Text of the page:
The UC Davis Comprehensive Cancer Center successfully renewed its Paul Calabresi Career Development Award for Clinical Oncology (PCACO) K12. The award provides $3.98 million in National Cancer Institute (NCI) funding through 2026 to increase the number of clinician scientists trained in clinical and translational cancer research, and to promote their career development as cancer researchers.

NCI initiated the program in 1991. In 1994 it was renamed the Paul Calabresi Award in Clinical Oncology in honor of the late Paul Calabresi, a pioneering oncologist who led the development of cancer drugs.

Scholars are selected through a rigorous process and are expected to develop their own investigator-initiated clinical trial during the training period.

Paul CalabresiThe cancer center leverages the program to train junior faculty (basic/translational scientists and clinician scientists) as investigators in team-based, patient-oriented cancer research. Upon successful completion of a three-year, salary-supported core curriculum, scholars receive a UC Davis Comprehensive Cancer Center Certificate in Clinical Cancer Research.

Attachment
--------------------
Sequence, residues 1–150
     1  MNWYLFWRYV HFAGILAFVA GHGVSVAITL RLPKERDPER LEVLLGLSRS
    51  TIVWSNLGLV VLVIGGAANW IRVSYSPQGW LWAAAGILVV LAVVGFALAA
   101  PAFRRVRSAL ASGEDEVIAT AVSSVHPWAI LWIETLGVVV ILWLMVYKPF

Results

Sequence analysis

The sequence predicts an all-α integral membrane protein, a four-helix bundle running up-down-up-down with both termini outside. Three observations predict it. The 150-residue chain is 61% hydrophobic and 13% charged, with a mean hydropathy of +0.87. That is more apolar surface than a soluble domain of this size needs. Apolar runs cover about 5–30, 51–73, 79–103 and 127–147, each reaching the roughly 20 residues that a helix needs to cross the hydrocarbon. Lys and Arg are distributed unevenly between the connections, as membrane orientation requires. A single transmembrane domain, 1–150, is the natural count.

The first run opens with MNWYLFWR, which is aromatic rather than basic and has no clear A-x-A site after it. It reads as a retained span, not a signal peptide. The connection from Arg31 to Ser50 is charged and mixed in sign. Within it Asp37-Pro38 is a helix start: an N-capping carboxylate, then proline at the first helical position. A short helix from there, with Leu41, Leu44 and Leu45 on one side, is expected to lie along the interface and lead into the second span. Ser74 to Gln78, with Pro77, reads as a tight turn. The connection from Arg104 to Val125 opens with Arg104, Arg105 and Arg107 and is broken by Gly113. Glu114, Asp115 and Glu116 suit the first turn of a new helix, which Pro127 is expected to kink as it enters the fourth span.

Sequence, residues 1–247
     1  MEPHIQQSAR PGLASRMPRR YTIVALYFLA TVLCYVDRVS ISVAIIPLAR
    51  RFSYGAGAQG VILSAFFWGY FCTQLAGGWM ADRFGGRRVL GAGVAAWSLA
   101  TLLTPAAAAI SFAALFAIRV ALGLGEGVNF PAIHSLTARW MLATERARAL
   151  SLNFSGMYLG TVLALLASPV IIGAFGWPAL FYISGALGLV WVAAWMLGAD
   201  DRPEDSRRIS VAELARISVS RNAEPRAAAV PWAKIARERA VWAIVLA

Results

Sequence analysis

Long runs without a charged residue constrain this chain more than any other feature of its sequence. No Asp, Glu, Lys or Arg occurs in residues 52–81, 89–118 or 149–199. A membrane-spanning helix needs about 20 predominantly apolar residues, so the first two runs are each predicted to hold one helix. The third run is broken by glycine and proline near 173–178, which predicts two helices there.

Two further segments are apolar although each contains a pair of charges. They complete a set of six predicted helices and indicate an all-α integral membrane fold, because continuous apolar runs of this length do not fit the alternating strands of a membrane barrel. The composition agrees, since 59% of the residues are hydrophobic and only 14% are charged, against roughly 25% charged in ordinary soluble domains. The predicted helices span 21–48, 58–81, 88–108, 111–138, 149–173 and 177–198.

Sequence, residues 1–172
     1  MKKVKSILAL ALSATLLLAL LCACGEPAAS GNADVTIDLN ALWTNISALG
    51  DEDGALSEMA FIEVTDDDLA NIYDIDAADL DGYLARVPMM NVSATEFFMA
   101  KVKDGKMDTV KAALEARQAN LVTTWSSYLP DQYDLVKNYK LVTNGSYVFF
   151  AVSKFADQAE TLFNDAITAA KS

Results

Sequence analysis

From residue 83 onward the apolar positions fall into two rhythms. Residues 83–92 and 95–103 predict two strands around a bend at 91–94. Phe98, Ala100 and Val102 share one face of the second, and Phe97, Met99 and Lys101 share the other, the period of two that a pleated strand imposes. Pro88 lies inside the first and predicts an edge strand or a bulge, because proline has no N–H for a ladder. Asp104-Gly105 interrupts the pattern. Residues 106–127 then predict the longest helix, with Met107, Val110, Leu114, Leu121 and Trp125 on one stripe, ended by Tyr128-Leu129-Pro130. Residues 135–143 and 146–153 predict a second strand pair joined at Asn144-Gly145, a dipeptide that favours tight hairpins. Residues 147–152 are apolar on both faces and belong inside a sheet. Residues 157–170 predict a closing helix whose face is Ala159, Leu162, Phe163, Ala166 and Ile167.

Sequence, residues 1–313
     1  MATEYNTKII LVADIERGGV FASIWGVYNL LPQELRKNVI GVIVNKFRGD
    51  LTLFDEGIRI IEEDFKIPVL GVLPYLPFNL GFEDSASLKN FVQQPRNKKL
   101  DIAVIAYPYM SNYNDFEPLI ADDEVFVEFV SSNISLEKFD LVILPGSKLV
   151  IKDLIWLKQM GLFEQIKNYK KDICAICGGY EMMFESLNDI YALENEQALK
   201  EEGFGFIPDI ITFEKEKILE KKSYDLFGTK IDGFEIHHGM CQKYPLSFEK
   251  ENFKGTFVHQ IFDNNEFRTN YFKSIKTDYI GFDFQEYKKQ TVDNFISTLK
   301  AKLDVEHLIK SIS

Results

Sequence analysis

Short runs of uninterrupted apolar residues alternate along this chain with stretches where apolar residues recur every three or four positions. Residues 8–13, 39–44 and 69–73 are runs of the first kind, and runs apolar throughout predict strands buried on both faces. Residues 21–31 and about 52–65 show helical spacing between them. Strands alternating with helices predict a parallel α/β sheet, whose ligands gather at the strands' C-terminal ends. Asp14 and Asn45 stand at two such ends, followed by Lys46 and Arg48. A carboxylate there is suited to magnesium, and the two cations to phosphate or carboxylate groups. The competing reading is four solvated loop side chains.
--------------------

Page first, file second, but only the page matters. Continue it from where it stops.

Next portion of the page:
“This is a high-impact program to nurture patient-oriented cancer researchers early in their career to become independent investigators,” said UC Davis Comprehensive Cancer Center Director Primo “Lucky” Lara Jr., who is also the PCACO principal investigator and program director.

Selected scholars will receive 75% protected time for research, formal mentored training in clinical cancer research, $100,000 per year (for up to 3 years) to support salary and benefits, and $13,000 per year (for up to three years) for research and travel expenses.

The mentored research training plan will be supervised by two senior, independently funded faculty members (one basic/translational mentor and one clinical mentor) who will guide the scholar in the development and conduct of his/her research project.